Does ‘Real life Martha’ have grounds to sue Netflix over Baby Reindeer?

May 13, 2024

Associate Jessica Welch comments on whether the woman who is alleged to have inspired the character Martha in Netflix drama Baby Reindeer might have grounds for a successful defamation case, in The Independent.

Do you think Fiona Harvey has grounds for a successful defamation or privacy case against Richard Gadd and Netflix?

"Putting aside the question of whether or not Fiona Harvey would be successful in a defamation claim, which depends heavily on the facts and the evidence that may be adduced at trial, in order to bring a claim in the first place, one of the first things Harvey would need to be able to prove is that she is identifiable in the show. I understand that it didn’t take long for Harvey to be identified in forums online, which suggests that there are good arguments that the show included enough detail (or failed to include sufficient ambiguity) which allowed for the real-life Martha to be identified. Of course, Harvey has now confirmed her identity herself by going on Piers Morgan Uncensored, but no doubt she will argue that she felt compelled to do so given the amount of media interest that had been generated into her identity.

"Presuming that Harvey can get over the hurdle of proving identification, in order to bring a defamation claim, she will have to set out from the show the allegations which she says are defamatory (i.e. false and damaging) and how they have caused her serious harm.

"Harvey has alleged in the Piers Morgan interview that many of the assertions about her are untrue (including that she has been convicted of stalking and that she has been sent to prison). As the defendants in the action, the burden would fall upon Gadd/Netflix to prove that, in fact, the allegations are substantially true (which essentially means that they do not need to prove that every word is true, but that the essential substance of the statement is true). That would come down to a question of evidence and disclosure. I understand that Netflix has said that the emails depicted are the real emails received by Gadd, but that is disputed by Harvey, so disclosure and witness evidence is likely to be extremely revealing in this type of claim.

"On serious harm, Harvey has mentioned the threats and trolling that she has been subjected to. If she can point to this in evidence, it may be enough to get over the statutory requirement.

"So presuming she can demonstrate that she is identified in the show and if it is right that false allegations have been made against her, that may be enough for her to bring a defamation claim against Gadd/Netflix.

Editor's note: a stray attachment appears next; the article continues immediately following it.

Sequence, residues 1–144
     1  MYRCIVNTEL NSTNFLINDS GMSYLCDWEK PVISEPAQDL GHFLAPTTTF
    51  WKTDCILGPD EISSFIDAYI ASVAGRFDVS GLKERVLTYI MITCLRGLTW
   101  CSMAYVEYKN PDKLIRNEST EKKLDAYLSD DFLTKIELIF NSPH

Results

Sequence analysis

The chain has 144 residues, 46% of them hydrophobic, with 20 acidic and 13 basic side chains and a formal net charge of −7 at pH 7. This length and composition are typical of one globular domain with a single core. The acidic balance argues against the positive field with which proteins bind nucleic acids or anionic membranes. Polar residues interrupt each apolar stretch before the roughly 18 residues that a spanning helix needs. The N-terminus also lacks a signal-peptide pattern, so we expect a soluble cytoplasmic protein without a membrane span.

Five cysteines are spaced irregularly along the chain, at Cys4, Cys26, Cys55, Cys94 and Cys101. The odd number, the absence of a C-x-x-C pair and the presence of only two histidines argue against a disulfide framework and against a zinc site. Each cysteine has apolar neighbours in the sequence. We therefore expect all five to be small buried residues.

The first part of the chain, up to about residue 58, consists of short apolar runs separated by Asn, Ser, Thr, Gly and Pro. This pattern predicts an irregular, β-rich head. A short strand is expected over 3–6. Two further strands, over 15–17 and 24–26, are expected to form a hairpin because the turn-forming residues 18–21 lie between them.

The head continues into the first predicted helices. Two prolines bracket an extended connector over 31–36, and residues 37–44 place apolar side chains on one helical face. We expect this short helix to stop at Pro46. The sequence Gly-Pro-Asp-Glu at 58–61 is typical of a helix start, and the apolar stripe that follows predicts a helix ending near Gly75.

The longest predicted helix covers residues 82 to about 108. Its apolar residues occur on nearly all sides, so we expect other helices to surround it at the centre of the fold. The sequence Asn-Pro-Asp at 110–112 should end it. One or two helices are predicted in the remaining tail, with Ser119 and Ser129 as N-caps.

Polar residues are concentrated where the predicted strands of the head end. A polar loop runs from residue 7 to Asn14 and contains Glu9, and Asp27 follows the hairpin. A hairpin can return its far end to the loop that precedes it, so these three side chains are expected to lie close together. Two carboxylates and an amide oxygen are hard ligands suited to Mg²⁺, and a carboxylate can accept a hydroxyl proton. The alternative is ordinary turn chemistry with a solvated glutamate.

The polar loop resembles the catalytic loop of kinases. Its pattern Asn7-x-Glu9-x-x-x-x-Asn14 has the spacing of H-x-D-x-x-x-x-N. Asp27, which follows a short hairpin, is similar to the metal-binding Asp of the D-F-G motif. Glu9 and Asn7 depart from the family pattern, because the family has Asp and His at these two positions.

"Either way, it appears that the story is only just beginning. There is almost certainly more to come, and should it end in litigation, amongst many other things, it will be interesting to see the documents that come out as part of the disclosure process."

Could she argue jigsaw identification and do you think the producers took enough precautionary measures when creating the drama to ensure she would not be identified?

"As Harvey was not expressly named in the show, the general test is whether reasonable people would understand the words to refer to her. The intention of Gadd/Netflix in these circumstances is not relevant.

"Given how quickly individuals online were able to identify Harvey as the real Martha, there are good arguments for her to assert that she was identified in the show.

"Following the opening scene in the first episode, it is stated that 'this is a true story'. The question as to whether more ought to have been done depends on the facts, including whether the story is truly a factual depiction of what took place or whether some events/scenes were fictional. Whether Netflix could have been more careful to explain that the show is 'based on' a true story or that 'some events depicted are fictitious' in those circumstances again depends on what did (or did not) take place. Interestingly, it was announced in the King's Speech in November last year that Netflix would be regulated by Ofcom under a video-on-demand code in the new Media Bill. It will be interesting to see how that regulation impacts the production and broadcast of shows such as Baby Reindeer in future and, for example, whether streaming platforms will be required to implement enhanced protections for subjects and contributors to its content."

An extract of Jessica's comments was published in The Independent, 10 May 2024.

Jessica WelchJessica Welch
Jessica Welch
Jessica Welch

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